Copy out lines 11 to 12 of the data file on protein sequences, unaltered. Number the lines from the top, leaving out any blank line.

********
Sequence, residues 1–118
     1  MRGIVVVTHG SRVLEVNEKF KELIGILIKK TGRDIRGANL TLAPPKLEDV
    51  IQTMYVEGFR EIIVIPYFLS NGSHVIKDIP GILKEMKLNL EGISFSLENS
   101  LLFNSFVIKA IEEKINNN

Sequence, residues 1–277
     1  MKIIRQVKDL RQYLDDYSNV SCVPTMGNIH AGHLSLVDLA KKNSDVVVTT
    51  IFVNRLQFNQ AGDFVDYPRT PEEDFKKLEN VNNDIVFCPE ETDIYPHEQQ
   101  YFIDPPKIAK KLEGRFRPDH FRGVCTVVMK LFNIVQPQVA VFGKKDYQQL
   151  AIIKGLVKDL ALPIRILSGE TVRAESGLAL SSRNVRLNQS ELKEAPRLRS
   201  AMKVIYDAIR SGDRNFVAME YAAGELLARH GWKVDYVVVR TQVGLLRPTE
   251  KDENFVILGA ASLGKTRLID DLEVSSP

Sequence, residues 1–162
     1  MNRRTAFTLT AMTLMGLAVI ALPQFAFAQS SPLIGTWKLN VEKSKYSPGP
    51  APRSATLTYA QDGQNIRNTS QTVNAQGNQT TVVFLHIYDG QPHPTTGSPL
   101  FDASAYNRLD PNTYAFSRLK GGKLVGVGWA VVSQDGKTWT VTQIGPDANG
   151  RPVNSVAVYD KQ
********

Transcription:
   251  KDENFVILGA ASLGKTRLID DLEVSSP

Sequence, residues 1–162